- to Crieff through' delightful Strathbran and Sina'

Glen, passing the fishing village of Arnulree on the Way. You can be sure that these two tours will have whetted your appetite for more Scottish 'scenery, and you will quickly follow your wish to venture northwards. In the ordinary way the main road north passes Birnam and Pitlochry, bet at the moment parts of it, while under repair, are such A strain to journey over, that most motorists prefer the alterna- tive route through Balmoral. You will first make for Perth, crossing the River Tay---one of the finest of fishing rivers- and then turn to the left for Blairgowrie, meeting on the way the famous Beech Hedges (what an avenue they would haye made had they been planted on both sides of- the highway 1).

The run from Blairgowrie used once to be considered One of the most eventful in Scotland. The road was rough and narrow, while the climb over the Cairn Well, with its two hairpin bends, known as the Devil's Elbow, proved a formid- able test for any car. After having been closed for two seasons, the road was reopened last year, and has been widened, corners removed, new bridges built, and an excellent n ad- surface provided. Once over the summit, you will begin a gradual descent for several miles into Braemar. Ilere you will meet the North Deeside Road—Scotland's best- loved motoring highway. Beautiful woodland scenery flanks each side of the road for many miles, while the River Dee can be seen almost the whole way into Aberdeen.

Balmoral Castle will first be noticed about five miles from

Braemar as you look down the river. This is the best view you will obtain of the Castle, because later it becomes partly Obscured by the wooded country surrounding it. Time niay_ possibly prevent your going into Aberdeen. If so, you will be able to make a short cut to Inverness by taking- h road to the left about two miles beyond Aboyne, or about halfway -between Aberdeen and Braemar. This road leads direct to Huntly on the Inverness-Aberdeen road, but as there are bad stretches between Huntly and Keith you will do better to branch to the left at Clatt village and go through Rhynie, Dufftown to Craigellaehie, a noted fishing village on the River Spey, and then continue to Elgin. If you play golf, you will naturally visit Lossiemouth (six miles north of Elgin) and enjoy a round on one of the finest sporting links in Scotland, the Morayshire Golf Club. More golf Can be had at Nairn. As a centre for the North, Inverness as not wholly to be recommended in view of its awkward situation and the long distances to be travelled in order to reach the higher parts of Scotland. Should your ambition lead yo a to the northernmost point of the Highlands, you fhould keep to the East Coast road, taking you through Beauly, Dingwall,,Bonar Bridge, Golspie and Wick, and yoii. are advised to return the same way, owing to the poor state of the roads around the Western Coast. When at Beau& on the return journey, you should take advantageof a morninfl or afternoon run along the river Beauty to the end of the road at Loch Affric. The distance is under thirty miles each way; and Glen Affric is often considered to be the most beautifuk spot in the whole of Scotland. From here you need not go back to Inverness on your way to the South. You can turn to the right by the Invereannich Hotel and reach Loch Ness at Drumnadrochit. Your route then lies to the right along the bank of the loch to Fort Augustus. The road below the latter town towards Speen Bridge is had in parts,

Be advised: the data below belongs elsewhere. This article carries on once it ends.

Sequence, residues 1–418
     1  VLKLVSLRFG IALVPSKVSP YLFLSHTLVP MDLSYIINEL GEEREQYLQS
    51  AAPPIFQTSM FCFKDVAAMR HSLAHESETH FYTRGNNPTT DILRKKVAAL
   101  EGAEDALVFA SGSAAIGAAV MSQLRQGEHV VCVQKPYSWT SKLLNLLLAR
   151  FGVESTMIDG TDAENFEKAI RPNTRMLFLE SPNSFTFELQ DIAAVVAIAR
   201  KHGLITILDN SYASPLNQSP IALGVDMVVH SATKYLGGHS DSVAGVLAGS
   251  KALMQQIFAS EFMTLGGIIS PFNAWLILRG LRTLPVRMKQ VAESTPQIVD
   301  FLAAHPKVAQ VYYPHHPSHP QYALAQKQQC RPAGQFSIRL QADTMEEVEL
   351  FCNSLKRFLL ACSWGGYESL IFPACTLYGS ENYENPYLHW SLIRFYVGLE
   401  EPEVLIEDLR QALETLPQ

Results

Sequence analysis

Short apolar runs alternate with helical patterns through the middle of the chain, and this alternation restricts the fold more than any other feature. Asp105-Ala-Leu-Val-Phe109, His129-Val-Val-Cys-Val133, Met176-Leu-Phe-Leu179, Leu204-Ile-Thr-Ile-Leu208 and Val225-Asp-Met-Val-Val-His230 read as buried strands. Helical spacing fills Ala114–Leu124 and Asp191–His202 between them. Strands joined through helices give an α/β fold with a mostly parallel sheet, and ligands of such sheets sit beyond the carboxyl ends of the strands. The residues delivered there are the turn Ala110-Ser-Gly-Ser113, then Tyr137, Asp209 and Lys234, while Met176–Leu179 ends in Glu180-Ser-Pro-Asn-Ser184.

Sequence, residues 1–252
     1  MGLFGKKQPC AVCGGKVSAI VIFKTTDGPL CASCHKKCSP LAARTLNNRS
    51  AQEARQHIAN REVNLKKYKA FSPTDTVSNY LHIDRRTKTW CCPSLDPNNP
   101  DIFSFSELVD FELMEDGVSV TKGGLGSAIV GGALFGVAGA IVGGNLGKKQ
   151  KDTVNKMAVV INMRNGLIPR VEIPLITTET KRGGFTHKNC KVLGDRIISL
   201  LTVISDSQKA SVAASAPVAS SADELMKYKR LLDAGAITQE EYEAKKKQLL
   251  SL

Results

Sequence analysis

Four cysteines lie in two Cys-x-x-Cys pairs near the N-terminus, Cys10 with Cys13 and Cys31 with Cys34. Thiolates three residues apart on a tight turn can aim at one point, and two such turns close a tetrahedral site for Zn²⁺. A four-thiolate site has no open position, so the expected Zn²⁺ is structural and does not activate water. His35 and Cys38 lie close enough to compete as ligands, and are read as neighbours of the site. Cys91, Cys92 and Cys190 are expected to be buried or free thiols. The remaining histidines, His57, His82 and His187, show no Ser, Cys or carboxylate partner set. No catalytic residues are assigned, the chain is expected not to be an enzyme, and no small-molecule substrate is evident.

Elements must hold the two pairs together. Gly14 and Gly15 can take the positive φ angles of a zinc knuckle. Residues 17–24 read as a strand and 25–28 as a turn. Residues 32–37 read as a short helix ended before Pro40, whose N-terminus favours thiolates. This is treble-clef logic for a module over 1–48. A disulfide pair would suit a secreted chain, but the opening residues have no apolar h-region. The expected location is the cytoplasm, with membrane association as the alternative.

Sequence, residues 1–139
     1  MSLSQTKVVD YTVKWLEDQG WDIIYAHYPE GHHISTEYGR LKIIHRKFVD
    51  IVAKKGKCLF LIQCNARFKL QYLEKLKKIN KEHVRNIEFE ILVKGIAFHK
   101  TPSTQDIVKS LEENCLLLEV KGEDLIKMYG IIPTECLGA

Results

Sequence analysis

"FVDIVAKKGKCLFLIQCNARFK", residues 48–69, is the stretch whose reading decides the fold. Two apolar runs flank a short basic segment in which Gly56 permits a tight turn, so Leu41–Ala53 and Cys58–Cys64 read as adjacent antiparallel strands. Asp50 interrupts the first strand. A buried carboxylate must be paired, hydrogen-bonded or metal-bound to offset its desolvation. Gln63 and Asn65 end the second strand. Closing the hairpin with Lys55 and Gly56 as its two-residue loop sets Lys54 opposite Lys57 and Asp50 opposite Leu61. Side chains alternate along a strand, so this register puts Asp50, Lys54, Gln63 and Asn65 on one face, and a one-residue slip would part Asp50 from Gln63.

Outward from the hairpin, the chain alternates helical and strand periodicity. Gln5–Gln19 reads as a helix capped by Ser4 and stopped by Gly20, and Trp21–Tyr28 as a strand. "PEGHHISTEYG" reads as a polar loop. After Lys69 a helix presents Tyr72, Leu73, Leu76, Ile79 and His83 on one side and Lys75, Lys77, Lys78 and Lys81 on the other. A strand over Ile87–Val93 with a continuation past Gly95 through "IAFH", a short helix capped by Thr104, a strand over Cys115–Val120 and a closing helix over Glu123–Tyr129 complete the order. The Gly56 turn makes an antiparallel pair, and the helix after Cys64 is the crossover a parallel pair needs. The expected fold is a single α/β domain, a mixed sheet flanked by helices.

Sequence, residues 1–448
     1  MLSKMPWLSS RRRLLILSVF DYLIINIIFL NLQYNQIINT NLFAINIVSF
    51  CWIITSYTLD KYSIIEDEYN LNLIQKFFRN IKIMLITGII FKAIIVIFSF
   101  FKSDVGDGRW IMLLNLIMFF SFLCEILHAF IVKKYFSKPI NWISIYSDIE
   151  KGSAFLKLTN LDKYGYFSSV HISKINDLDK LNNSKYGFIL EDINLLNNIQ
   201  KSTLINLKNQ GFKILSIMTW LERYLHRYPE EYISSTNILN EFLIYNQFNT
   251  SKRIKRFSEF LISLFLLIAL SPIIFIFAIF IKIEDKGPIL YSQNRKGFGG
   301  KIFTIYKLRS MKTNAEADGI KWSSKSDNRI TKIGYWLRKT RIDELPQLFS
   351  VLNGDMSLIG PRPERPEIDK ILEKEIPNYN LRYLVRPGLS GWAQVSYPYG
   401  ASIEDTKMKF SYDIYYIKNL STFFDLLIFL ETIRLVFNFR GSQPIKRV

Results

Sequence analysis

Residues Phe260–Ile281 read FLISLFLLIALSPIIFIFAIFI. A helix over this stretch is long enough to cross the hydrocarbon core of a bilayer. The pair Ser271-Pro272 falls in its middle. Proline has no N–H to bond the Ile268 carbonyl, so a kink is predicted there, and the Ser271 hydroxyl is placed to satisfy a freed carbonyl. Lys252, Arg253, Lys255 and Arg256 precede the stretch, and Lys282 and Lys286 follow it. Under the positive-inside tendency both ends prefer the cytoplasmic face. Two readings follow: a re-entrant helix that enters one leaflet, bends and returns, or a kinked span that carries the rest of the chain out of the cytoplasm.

but this cannot be avoided. • After this a good road will take you through Fort Williarn

(Ben Nevis is on the left, before reaching the town) to the ferry at Ballachulish. You will be forced to use the ferry (five shillings for a two-seater) as the road round Loch Leven is closed for repairs. Once over the ferry you will be torn between taking the road round the coast and over Connel Ferry bridge (a toll of ten shillings is charged) to Oban, or the opposite road, rough,, narrow, steep and winding, and, enjoying the wonderful scenery of Glencoe. The end or the road is at Tyndrum, where a first-class highway is met ; this will lead you by Way of Crianiarich to Loch Lomond and ..direct to Glasgow, when doubtless your, tour of.. the

Highlands will have finished.

C. A. R.